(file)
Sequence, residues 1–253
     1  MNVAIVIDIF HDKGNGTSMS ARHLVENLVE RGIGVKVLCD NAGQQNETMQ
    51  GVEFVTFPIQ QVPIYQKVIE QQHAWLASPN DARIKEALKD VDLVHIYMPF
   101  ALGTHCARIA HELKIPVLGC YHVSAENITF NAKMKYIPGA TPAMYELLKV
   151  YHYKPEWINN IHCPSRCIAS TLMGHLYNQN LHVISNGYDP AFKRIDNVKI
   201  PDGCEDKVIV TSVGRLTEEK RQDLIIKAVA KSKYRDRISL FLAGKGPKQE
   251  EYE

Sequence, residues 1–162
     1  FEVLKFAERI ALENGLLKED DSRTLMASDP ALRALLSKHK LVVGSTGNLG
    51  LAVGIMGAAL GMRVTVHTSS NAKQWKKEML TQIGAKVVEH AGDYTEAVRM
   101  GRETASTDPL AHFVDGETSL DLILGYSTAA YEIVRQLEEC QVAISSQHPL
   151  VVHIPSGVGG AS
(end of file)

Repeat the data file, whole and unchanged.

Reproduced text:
Sequence, residues 1–253
     1  MNVAIVIDIF HDKGNGTSMS ARHLVENLVE RGIGVKVLCD NAGQQNETMQ
    51  GVEFVTFPIQ QVPIYQKVIE QQHAWLASPN DARIKEALKD VDLVHIYMPF
   101  ALGTHCARIA HELKIPVLGC YHVSAENITF NAKMKYIPGA TPAMYELLKV
   151  YHYKPEWINN IHCPSRCIAS TLMGHLYNQN LHVISNGYDP AFKRIDNVKI
   201  PDGCEDKVIV TSVGRLTEEK RQDLIIKAVA KSKYRDRISL FLAGKGPKQE
   251  EYE

Sequence, residues 1–162
     1  FEVLKFAERI ALENGLLKED DSRTLMASDP ALRALLSKHK LVVGSTGNLG
    51  LAVGIMGAAL GMRVTVHTSS NAKQWKKEML TQIGAKVVEH AGDYTEAVRM
   101  GRETASTDPL AHFVDGETSL DLILGYSTAA YEIVRQLEEC QVAISSQHPL
   151  VVHIPSGVGG AS